It further highlights studies which show that some factors that influence GBV at an individual level include growing up in a home characterised by violence, which becomes normalised later in life as a means of com-munication. Or having an absent father or a father who is not a positive role model.

The report also highlights the influences of culture and tradition on gender-based violence. At community lev-el contributory factors include neighbourhoods where violence against women is seen as the norm culturally and religiously. There are also harmful cultural practices such as Ukuthwala (the culturally legitimate abduc-tion of a female for marriage).

They also highlight that economic factors play a major role. At the economic level, factors include poverty, unemployment and differing economic statuses among men and women. In many cases the economic power balance between men and women is skewed, and many women believe that they have no choice but to stay in abusive relationships.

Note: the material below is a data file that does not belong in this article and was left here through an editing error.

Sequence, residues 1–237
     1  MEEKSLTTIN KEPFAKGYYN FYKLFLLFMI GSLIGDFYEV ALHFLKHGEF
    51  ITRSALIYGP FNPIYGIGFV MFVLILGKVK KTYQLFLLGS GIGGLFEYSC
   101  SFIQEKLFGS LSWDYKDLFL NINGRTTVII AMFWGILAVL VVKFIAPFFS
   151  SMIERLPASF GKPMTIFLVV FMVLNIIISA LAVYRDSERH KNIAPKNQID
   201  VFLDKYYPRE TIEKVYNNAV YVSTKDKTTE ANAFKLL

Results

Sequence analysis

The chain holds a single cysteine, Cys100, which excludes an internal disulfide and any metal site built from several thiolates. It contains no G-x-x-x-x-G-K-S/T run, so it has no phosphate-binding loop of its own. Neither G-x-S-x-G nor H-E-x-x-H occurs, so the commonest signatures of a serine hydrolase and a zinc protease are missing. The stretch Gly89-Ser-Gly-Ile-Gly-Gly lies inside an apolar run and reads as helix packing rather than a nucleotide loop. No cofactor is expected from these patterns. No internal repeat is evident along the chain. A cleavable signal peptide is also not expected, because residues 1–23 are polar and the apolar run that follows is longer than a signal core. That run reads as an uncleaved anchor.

The Stats SA report on Poverty Trends in South Africa reveals that the female headed households remain significantly poorer than male headed households.

It would be fair to say that most, if not all of these factors are prevalent in South Africa. Despite our renowned constitution which emphasises equality and equal rights, we are still a very patriarchal society. The high levels of poverty, unemployment and inequality are also contributing factors.

South Africa also faces the burden of the apartheid legacy of violence and brutality. For many years the apartheid state sanctioned violence as a means of maintaining political power.